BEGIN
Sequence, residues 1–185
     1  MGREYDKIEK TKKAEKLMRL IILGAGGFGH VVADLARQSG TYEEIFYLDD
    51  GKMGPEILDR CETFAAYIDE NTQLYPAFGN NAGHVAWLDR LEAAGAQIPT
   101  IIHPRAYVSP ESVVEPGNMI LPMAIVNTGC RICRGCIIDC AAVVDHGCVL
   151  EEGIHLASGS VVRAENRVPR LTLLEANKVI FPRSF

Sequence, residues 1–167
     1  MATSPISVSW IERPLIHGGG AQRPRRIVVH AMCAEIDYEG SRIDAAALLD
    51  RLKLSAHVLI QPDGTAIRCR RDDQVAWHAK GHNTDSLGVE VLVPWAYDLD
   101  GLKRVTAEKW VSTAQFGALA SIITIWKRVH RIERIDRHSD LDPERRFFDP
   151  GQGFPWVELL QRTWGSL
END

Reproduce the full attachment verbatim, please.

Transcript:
Sequence, residues 1–185
     1  MGREYDKIEK TKKAEKLMRL IILGAGGFGH VVADLARQSG TYEEIFYLDD
    51  GKMGPEILDR CETFAAYIDE NTQLYPAFGN NAGHVAWLDR LEAAGAQIPT
   101  IIHPRAYVSP ESVVEPGNMI LPMAIVNTGC RICRGCIIDC AAVVDHGCVL
   151  EEGIHLASGS VVRAENRVPR LTLLEANKVI FPRSF

Sequence, residues 1–167
     1  MATSPISVSW IERPLIHGGG AQRPRRIVVH AMCAEIDYEG SRIDAAALLD
    51  RLKLSAHVLI QPDGTAIRCR RDDQVAWHAK GHNTDSLGVE VLVPWAYDLD
   101  GLKRVTAEKW VSTAQFGALA SIITIWKRVH RIERIDRHSD LDPERRFFDP
   151  GQGFPWVELL QRTWGSL